Merrinian and Reynolds of Guilford
were defeated by Hainer and Atkin
son, 3-6, 6-3j 6-3.
This was a hard match and in the
beginning it looked somewhat doubt
ful for the Elon players, but after col
lecting themselves and playing a tight
er game, victory was theirs.
In singles Hainer had little difficulty
in defeating Reynolds to the tune of
6-3, 6-1.
Hook, however, was defated after
three prolonged sets by Harris, 2-6,
6-4, 7-5.
(Continued on Page Four)
Distribution of New
Catalogues Going On
Few Changes Made in Bulletin—^Next
College Term Begins Wed
nesday, September 5.
The new catalogs have arrived after
some delay, and distribution is going for
ward rapidly. Due to the fire the ap
pearance of the catalogue this year was
delayed. The manuscript was I'eady for
the printer, and waiting to be mailed
when the fire swept it away.
This number of the bulletin was pre
pared hurriedly, and will have a number
of corrections in the subsequent bulle
tins. The catalog in the main gives an
insight into the college affairs. There
are but few changes in this catalog from
the last year’s bulletin.
College will oijen on September 5 for
the next session and all the departments
will be retained. We learn that there
will be sevej-al changes in the faculty,
but these will be announced in a later
issue of Maroon and Gold.
ELONALyilOFCOyNiy
MEET ANO ORGANIZE AT
RANQUET INRURLinSTON
More Than a Hundred Alumni
Present for Organization—
Lankford President.
OTHER PLANS ARE MADE
EXPRESSION STODENTS
RENDER TWO PROGRAMS
Dr. Helfenstein’s Work Well Received
by People of Burlington and
Greensboro.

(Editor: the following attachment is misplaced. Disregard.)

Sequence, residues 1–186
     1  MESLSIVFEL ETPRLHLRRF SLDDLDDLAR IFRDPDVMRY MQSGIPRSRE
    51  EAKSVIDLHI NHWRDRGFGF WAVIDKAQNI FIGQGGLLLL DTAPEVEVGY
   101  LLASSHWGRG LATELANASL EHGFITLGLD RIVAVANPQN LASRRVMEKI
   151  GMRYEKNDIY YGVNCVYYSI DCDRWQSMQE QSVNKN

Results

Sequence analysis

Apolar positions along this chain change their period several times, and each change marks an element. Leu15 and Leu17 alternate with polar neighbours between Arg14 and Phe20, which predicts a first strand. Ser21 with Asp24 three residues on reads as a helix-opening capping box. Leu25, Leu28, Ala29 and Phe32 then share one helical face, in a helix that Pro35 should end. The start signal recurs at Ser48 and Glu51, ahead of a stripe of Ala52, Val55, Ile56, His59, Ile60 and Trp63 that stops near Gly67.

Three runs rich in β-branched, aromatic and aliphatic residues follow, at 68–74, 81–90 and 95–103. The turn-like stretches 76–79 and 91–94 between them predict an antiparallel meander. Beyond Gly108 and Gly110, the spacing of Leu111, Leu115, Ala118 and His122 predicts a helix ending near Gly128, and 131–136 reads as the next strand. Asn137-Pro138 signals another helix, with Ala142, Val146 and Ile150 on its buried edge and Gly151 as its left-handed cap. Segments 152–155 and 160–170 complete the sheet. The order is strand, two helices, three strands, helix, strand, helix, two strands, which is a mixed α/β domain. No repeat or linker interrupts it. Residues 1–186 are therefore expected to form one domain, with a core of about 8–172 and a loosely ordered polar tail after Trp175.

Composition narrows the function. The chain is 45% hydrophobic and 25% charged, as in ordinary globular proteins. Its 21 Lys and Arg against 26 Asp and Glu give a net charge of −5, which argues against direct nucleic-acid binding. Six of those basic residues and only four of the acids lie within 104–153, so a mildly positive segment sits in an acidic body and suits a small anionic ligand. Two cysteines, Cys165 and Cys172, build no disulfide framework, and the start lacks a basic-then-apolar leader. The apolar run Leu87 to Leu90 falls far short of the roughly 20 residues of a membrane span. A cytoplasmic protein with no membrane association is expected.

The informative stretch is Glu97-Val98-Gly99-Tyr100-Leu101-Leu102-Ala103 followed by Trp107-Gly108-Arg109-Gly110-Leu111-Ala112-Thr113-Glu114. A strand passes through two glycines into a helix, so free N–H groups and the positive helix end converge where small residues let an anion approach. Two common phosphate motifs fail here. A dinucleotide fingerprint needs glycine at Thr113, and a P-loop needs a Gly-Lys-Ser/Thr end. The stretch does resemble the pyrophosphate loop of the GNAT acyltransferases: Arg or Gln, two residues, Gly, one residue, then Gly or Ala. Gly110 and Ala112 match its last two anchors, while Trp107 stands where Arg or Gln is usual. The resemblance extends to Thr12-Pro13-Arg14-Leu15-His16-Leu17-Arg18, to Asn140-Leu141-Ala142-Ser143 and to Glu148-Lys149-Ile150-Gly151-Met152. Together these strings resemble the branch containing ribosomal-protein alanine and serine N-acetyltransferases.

An enjoyable social affair was held at
the First Christian Church of Burlington
last night for the alumni of Elon Col
lege living witjjin the county. A ban
quet w’as prepared for the alumni at
tending, of whom there were approxi
mately 100 present, and plans begun For
the undertaking of a permanent working
organization.
Under ’ the direction of Miss Lucile
Johnston, Rev. G. O. Lankford, Warren
McCulloch and C. C. Fonville the meet
ing was planned and conducted. Mr.
McCulloch, chairman of the program
committee, had prepared a unique pro
gram of vocal numbers, readings, short
talks, and other featores, which was car
ried on in connection with the banquet
feature. Misses Jennie Willis Atkinson,
Clarion Lee Newman, Eunice Rich. Mrs.
W. N. Huff, and Messrs. C. C. Fnoville,
V. P. Heatwole, E. N. Pearce, R. S.
Rainey. W. A. Harper, and D. R. Fon
ville appeared on the program, which was
thoroughly enjoyed. Rich incidents of
college life, and other interesting stories
were related.
G. Donovan, alumni general secre
tary, after the banquet dishes were- clear
ed away, stated the object of the meet
ing as the organization of a county club.
Re\'. G. O. Lankford was nominated and
chosen as the president of the club, War-
4*en McCulloch. vice-president, and Fran
ces Browning, secretary treasurer. A
committee of G. C. Donovan, Dr. N. G.